So let’s think about it. Could a medicinal drug and an illicit drug theoretically have similar structures? Absolutely. Could a similarly structured medicinal drug and an illicit drug theoretically bind the same target? Absolutely. So then, could a medicinal drug and illicit drug elicit the same response? Absolutely. The target doesn’t care if the chemical is medicinal or not – it’s just going to respond.

Let’s use the example of the opioids to illustrate this point. Below you will find the chemical structures of heroin (an illicit street drug; right) and oxycodone (a prescription pain reliever medication; left). You don’t need to be a chemist to recognize that these two drug structures are very similar. Indeed, both of these drugs bind to the same target (the opioid receptor), both of these drugs affect how that target works, and both of these drugs can cause detrimental and sometimes fatal outcomes.

Image courtesy of Nicole Kwiek.

The chemical structures of heroin (right) and oxycodone (left) are similar. Image courtesy of Nicole Kwiek.

We can label drugs as being “good” or “bad,” medicinal or illicit. However, the body doesn’t care about the name of the drug or from where the drug came. The body, and more specifically the targets, react according to the chemistry of the drugs.

kwiek_nicole_150Nicole Kwiek, PhD, is a clinical assistant professor in pharmacology and Director of Undergraduate Studies at The Ohio State University College of Pharmacy. Her interests include science education outreach, pharmacology for K-12 students, and prescription drug misuse awareness.

They’re not all the Same: Using Small Group Social Norms to Engage Fraternities and Sororities

by Stacy Andes

Villanova University's campus (photo courtesy of Stacy Andes).

Villanova University’s campus (photo courtesy of Stacy Andes).

For much of my time in college health over the last 15 years, most efforts targeting Greek-affiliated students have involved campus-wide programs and events that did not necessarily take into the account the particular needs and concerns of our students involved with fraternities and sororities. The small group social norms approach allows campuses to move beyond “blanket” mandated programming that treats every fraternity man and sorority woman  the same [way]. Through the collection of National College Health Assessment survey data every three years and the creation of Chapter-level reports, every Chapter has contributed to the creation of a specific action plan that meets the needs of their members. It has served as a very meaningful touch point for our fraternity and sorority leaders in examining their Chapter cultures and identifying areas of concern, as well as ways in which they are leading the way to a healthier Greek community and, ultimately, a healthier campus community.

Recent data shows that fraternity and sorority men and women are at greater risk for high-risk drinking and non-medical prescription stimulant use. (Photo courtesy of Stacy Andes.)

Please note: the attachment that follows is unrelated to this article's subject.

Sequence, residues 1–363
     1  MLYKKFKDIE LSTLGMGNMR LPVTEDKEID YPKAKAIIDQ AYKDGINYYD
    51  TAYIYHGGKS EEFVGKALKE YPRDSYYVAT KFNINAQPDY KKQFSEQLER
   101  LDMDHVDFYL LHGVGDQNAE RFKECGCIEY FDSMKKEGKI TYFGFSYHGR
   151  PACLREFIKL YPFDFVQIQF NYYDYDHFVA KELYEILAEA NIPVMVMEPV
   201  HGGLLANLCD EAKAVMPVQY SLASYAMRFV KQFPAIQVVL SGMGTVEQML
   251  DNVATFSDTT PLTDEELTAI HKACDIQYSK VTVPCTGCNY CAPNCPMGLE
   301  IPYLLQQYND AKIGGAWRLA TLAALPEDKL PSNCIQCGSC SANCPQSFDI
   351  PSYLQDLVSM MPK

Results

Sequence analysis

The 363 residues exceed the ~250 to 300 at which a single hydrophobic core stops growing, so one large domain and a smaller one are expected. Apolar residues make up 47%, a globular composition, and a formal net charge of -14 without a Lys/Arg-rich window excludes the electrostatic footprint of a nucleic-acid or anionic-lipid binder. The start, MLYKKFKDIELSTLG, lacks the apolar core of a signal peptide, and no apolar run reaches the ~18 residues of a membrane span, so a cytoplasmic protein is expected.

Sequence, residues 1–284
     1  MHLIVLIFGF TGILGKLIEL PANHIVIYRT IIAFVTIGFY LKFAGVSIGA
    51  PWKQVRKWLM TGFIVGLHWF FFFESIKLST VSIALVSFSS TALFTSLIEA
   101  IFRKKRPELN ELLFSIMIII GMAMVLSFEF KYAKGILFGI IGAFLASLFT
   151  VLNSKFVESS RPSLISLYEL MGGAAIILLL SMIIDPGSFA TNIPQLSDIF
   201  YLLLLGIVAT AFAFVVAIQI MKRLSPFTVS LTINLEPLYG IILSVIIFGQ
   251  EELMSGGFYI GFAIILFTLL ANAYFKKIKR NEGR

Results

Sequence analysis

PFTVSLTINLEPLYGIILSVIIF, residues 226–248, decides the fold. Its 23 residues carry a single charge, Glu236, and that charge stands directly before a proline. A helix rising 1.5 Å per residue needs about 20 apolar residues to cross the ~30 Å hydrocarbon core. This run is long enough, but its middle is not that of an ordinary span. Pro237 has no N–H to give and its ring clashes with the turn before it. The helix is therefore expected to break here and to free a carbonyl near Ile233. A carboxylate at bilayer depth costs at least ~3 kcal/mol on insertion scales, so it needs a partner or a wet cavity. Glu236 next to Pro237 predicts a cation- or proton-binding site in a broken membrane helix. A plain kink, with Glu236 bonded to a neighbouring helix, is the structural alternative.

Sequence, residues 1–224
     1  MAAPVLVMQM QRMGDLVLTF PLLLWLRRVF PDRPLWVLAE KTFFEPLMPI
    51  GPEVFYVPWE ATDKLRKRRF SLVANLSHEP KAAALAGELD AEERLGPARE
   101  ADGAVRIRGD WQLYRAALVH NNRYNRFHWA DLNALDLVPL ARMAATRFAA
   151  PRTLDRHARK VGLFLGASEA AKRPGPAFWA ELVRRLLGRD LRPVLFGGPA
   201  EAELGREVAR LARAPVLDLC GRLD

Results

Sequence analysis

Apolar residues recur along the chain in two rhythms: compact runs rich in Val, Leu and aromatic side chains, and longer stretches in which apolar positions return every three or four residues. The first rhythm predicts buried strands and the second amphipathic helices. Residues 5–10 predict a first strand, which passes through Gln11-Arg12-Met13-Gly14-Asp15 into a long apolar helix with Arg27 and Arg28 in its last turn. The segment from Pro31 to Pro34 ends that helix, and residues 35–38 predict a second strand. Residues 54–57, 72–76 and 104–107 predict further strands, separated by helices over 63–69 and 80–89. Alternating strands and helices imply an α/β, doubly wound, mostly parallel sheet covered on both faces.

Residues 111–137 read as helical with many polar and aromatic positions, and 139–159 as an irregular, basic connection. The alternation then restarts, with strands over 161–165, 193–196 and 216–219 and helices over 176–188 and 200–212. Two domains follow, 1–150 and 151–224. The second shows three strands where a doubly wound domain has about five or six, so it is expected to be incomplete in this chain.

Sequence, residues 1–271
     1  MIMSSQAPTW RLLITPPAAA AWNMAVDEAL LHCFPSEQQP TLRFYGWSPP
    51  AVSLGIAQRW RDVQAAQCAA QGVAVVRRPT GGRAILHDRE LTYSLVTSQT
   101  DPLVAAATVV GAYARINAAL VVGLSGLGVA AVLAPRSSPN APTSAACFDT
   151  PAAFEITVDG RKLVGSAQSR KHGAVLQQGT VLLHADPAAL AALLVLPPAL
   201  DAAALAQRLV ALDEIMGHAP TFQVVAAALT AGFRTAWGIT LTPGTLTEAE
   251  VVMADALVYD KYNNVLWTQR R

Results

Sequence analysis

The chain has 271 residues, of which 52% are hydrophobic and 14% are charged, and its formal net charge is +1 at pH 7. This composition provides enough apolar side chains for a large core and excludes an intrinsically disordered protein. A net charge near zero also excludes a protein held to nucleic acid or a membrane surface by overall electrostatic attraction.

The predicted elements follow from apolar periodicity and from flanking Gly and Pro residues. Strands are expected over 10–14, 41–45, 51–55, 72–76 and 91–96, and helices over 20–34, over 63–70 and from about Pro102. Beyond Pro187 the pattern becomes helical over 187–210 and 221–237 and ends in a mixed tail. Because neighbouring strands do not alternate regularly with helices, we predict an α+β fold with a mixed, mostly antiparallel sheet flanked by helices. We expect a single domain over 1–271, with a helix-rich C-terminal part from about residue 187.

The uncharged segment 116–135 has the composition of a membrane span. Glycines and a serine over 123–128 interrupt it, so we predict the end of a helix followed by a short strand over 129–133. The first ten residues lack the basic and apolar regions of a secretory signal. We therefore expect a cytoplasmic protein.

Recent data shows that fraternity and sorority men and women are at greater risk for high-risk drinking and non-medical prescription stimulant use. (Photo courtesy of Stacy Andes.)

With the latest data collection effort, we continued to mirror national trends of substance use and [misuse]. We continued to identify high-risk alcohol use as a particular risk for our Greek men and women. However, alongside high-risk alcohol use, we found that fraternity men and sorority women are also at much greater risk for non-medical prescription stimulant use. This is something that the research literature has been telling us for some time, but our Chapter reports were finally bearing the same fruit. With the ability to speak much more specifically (and confidentially, I might add) to the level of risk within each fraternity and sorority Chapter, our leadership has seen the research translated into their reality. This has been a very powerful vehicle for sharing what we know with what they are actually experiencing. Using aggregate campus data would never have painted this picture, certainly not with the level of detail that we are now able to provide to our Chapters through the small group social norms process. Rather than compare themselves against the average student, this process allows them to compare themselves to one another (e.g., fraternity Chapter with other fraternity men and to themselves over time) which is a much more believable comparison point for our Greek-affiliated students.

As an influential sub-population on campus, fraternities and sororities have the social capital and connection to exert positive change related to a number of health issues (e.g., alcohol and other substance use, sexual violence), and this small group social norms approach has allowed each Chapter to take ownership over that influence. Rather than feeling like targets or like “we’re all the same,” our fraternity and sorority leadership is beginning to embrace their social capital for positive change. Rather than considering various health issues separately, the small group social norms approach and the creation of Chapter-level reports and action plans has helped staff and students make connections between their reported attitudes, perceptions and behaviors around a variety of issues. It is the only approach that has also allowed us to successfully navigate conversations about substance use (alcohol and prescription stimulants, most notably) with our Greek-affiliated students in a way that has heightened awareness and commitment to positive change.